After a decade of domestic and international scrutiny, the government introduced bespoke costs rules for environmental cases to comply with European Union and international law in 2013. The new rules offer many claimants access to environmental justice for the first time in years.
However, a current Ministry of Justice consultation seeks to seriously undermine these relatively new rules.
The MoJ proposals include extending the costs regime to cover certain environmental statutory reviews (essentially reviews raising issues covered by the EC Public Participation Directive (PPD)). However, it would appear that this will extend to less than 5% of cases, leaving the remaining 95% - many concerning important environmental issues such as the meaning of harm in the green belt or the impact of wind farms and solar energy development - ineligible for costs protection.
Whilst almost certainly unintentional, the proposal to confine eligibility to a member of the public could exclude community groups, parish councils and even environmental NGOs from costs protection. The proposals may also exclude legislation impacting on the environment that does not specifically mention the environment in its title or heading (such as environmental taxes, control of chemicals or wastes, exploitation of natural resources and pollution from ships) from review.
Wildlife and Countryside Link (which brings together 46 wildlife and environmental organisations) is particularly concerned about proposals to remove the advance certainty claimants currently enjoy with regard to legal costs in environmental judicial reviews.
Firstly, costs protection would be made contingent on obtaining permission to proceed with an application for JR, thus exposing claimants to what could amount to prohibitively expensive legal fees before costs protection kicks in. Secondly, defendants - and the court of its own motion - would be allowed to challenge the level of the ‘default’ caps on adverse costs liability if they believed the claimant could afford to pay more.
Such challenges would be facilitated by the requirement for the claimant to submit a schedule of financial resources specifying third-party support to the court when submitting an application for JR. As the need for certainty with regard to costs in environmental cases was confirmed by the Court of Justice of the European Union (CJEU) as a result of infraction proceedings against the UK, the proposals may see the UK government back in the European court to face further sanctions.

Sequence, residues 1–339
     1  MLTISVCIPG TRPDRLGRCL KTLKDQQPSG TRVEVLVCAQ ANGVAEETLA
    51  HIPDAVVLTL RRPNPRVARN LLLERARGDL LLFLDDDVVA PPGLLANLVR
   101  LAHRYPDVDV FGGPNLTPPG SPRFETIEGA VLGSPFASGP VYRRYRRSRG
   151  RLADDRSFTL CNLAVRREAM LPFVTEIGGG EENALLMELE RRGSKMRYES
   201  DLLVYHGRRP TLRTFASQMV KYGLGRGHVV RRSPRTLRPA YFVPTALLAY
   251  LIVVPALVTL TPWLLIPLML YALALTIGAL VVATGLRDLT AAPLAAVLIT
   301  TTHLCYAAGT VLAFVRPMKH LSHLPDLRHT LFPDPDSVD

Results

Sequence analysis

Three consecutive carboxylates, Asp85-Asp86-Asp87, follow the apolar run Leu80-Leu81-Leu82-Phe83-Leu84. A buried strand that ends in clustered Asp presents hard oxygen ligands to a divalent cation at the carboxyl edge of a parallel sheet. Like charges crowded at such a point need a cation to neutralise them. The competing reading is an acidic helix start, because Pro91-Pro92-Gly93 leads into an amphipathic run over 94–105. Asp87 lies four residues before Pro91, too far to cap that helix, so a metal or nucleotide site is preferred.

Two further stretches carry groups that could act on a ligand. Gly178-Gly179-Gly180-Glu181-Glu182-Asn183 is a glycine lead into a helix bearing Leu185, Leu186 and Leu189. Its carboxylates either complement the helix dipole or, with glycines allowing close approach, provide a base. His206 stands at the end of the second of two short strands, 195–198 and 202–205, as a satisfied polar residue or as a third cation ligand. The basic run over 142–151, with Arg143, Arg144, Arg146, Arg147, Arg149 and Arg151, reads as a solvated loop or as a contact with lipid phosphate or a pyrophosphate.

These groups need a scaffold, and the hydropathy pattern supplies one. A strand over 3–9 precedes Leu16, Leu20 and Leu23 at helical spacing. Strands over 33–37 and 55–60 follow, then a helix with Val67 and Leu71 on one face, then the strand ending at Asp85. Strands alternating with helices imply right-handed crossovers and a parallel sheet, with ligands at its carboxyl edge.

The proposals also include increasing the current levels of the adverse costs caps from £5,000 for individuals and £10,000 in all other cases to £10,000 and £20,000 respectively. However, commentators have pointed out that these figures do not represent the claimant’s total costs liability – they must also pay the court fee (just under £1,000) and their own legal costs, which on average total around £25,000. The total current costs exposure of £31,000-£36,000 is already prohibitively expensive for many claimants, particularly individuals.
Finally, the consultation paper also contains proposals restricting the availability of interim injunctive relief. Applications must again be made by a member of the public and there will be a requirement on the court to have regard to the combined financial resources of multiple claimants when making decisions about cross-undertakings in damages. As information disclosed by the MoJ in November 2015 confirms, there were only twelve applications for injunctive relief in Aarhus Convention claims between April 2013 and May 2015, the proposals could be described as something of a sledgehammer to crack a nut.
Link also believes the proposals are disproportionate in light of the government’s failure to adduce any evidence, data or even a credible narrative, to show that environmental claims frustrate economic recovery or clog up the Administrative Court. In fact, evidence I obtained from the ministry in 2015 confirms the opposite.
The number of environmental cases lodged annually in England and Wales represents a very small (less than 1%) percentage of the total number of JRs lodged on an annual basis (some 20,000). There is therefore no argument to support the contention that the introduction of the costs rules has led to a proliferation of environmental litigation that must be stemmed.
Furthermore, between April 2013 and March 2015, nearly half (an average of 48%) of environmental cases were granted permission to proceed. This contrasts with a figure of 16% for all other JRs in 2014 and 7% in the first quarter of 2015.
Between April 2013 and March 2015, on average, 24% of environmental cases were successful for the claimant. This contrasts with a success rate of 2% for all cases in 2014. Thus, while environmental cases represent a very small proportion of the total number of cases lodged annually, they have high success rates when compared to JRs as a whole.
Environmental cases therefore play an essential role in upholding the rule of law and protecting the environment.
Link believes that, ironically, the corollary of these proposals could be a move away from a situation in which fixed costs caused few delays to one in which satellite litigation (which in itself can be prohibitively expensive) is once again the norm – which would undoubtedly be a cause of great frustration to public bodies and interested parties as well as claimants.
It is urging the government to withdraw what it sees as unwarranted and damaging proposals in order to avoid yet more prolonged judicial and administrative scrutiny at domestic, European and international levels.
Carol Day is a consultant solicitor at Leigh Day